Keeping America Safe and Safeguarding American Values (fall 2008) Rear Admiral John Hutson, dean and president of the Franklin Pierce Law Center, and Lt. Col. V. Stuart Couch, U.S. Marine Corps, address how we can fight terrorism and strengthen national security while remaining consistent with our values and our Constitution.

Free the Internet? (spring 2009) Chuck Cosson ’88, senior policy counsel at Microsoft, discusses how governments around the world are pressuring internetrelated companies to comply with local laws that arguably conflict with internationally recognized rights of freedom of expression and privacy.

How You Gonna Be the King of New York? (spring 2010) Mark Anthony Neal, author and professor of African and African-American studies at Duke University, explores hip-hop culture as a site for the promotion of black hypermasculininity, using artist Jay-Z as the prime example for his study.

Fracking Our Food: A New Threat to Sustainable Farming (spring 2011) World-renowned ecologist and author Sandra Steingraber surveys the relationship between petrochemicals and farming, focusing on how the extraction of natural gas from shale bedrock threatens the ecological conditions of the food system.

’12

RoosterBird Flu Dilemmas: Balancing Science, Security & Free Speech (spring 2012) Industry experts Andrew Pekosz, Thomas Place, Anthony Williams and David Kushner explore the tensions that can arise between scientific inquiry, security and freedom of speech.

The 150th Anniversary of the Emancipation Proclamation (spring 2013) Acclaimed writer Ta-Nehisi Coates explores the Civil War and its legacy for contemporary American social and racial dynamics.

Drinking Water (spring 2014) James Salzman, professor of environmental law at Duke University, explains how something as simple as drinking water highlights some of the most pressing issues of our time—from globalization and social justice to terrorism and climate change.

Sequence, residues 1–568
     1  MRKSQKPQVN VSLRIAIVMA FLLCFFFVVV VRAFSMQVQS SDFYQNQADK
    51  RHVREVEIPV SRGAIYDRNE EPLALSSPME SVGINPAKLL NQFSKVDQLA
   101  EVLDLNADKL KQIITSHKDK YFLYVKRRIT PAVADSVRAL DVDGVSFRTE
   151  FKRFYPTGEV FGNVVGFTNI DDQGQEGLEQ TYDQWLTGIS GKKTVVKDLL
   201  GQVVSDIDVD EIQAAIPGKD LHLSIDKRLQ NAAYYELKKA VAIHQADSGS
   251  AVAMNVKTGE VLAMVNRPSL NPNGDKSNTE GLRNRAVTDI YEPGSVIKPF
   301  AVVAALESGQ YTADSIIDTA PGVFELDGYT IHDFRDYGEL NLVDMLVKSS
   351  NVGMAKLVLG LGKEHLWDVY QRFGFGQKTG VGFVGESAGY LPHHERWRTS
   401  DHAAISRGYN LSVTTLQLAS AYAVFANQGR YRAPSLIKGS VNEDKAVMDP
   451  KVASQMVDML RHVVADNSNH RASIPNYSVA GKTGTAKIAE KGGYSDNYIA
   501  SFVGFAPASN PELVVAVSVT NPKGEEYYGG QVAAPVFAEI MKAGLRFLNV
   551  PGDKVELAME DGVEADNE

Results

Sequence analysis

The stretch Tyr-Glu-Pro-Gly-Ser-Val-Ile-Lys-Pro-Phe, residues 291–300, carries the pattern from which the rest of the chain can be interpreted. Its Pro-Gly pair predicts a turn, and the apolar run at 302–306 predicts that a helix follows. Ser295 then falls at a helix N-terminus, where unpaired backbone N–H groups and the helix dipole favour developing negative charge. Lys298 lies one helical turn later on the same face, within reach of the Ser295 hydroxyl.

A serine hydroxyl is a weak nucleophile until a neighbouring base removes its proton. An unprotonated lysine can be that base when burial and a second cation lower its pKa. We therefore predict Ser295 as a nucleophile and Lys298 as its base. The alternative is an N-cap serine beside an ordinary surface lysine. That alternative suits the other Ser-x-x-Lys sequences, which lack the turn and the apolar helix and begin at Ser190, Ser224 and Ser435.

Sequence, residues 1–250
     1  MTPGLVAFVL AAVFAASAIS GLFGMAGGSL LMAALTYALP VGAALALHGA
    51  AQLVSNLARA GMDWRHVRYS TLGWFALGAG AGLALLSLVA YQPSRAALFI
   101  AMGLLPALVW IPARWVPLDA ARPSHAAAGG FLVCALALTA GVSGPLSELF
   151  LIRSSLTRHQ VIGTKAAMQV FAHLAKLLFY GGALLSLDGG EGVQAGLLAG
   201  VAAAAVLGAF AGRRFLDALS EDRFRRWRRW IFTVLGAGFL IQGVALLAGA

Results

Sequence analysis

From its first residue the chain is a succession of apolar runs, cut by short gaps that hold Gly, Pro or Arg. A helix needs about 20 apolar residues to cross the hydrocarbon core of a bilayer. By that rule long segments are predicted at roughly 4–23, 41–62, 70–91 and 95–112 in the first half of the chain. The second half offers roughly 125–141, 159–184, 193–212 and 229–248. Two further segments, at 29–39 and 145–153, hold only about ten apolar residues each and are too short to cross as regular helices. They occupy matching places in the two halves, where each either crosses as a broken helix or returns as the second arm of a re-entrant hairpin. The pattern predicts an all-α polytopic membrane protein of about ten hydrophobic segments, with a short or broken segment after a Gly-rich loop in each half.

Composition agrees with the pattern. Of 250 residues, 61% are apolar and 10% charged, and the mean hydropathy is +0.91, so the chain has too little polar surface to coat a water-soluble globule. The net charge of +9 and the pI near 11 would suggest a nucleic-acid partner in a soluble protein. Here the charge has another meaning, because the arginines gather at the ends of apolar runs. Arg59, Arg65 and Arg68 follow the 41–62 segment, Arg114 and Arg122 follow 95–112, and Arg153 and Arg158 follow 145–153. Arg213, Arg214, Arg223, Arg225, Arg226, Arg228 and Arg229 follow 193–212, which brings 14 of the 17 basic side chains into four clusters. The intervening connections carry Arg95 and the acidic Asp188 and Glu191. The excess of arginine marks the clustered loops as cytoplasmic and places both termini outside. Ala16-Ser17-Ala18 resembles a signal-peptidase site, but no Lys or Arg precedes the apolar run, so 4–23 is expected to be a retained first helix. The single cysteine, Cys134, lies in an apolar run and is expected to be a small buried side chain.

Black Girls Matter (fall 2015) Leading feminist scholar Kimberlé Crenshaw explores initiatives that increase awareness of challenges facing black women and girls, such as #SayHerName, #BlackGirlsMatter and #WhyWeCantWait.

Water

’16

Disability Rights in Global Perspective (spring 2016) Dickinson Professor of Anthropology Karen Nakamura discusses disability-rights social movements and how they have changed the social fabric in various countries, pushing themselves into conversations about diversity and inclusion.

Using Your Genome and Big Data to Manage Your Health (fall 2017) Michael Snyder, professor at Stanford University, explains new technologies that determine DNA sequencing and how they can transform how we manage human health.

’18

An Evening With Yoko Tawada (spring 2018) Known internationally for her novels, poems and essays, awardwinning author Yoko Tawada collaborates with Bettina Brandt (Pennsylvania State University) in a multilingual performance.

Love, Loss and the Fight for Trans Equality (spring 2019) Sarah McBride, the national press secretary for the Human Rights Campaign, discusses her memoir, Tomorrow Will Be Different, chronicling her journey as a transgender woman and her fight for equality.


Themes

(sampling)

  • Sustainability
  • Indigeneity in the Americas
  • Citizen/Refugee
  • Big Data
  • Media, Technology and Civic Engagement
  • Disability
  • Inequality and Mass
  • Incarceration in the U.S.
  • War at Home
  • Language
  • The Meanings of Race
  • Living in a World of Limits
  • Sexuality and Societies
  • Security Challenges
  • Arab Spring
  • Human Rights
  • Leadership in an Age of Uncertainty
  • Thought for Food
  • Popular Culture
  • A Gendered World
  • Memory

Explore Clarke Forum programming from 2008 to 2019 at clarke.dickinson.edu.

Read more from the summer 2019 issue of Dickinson Magazine.

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Published August 15, 2019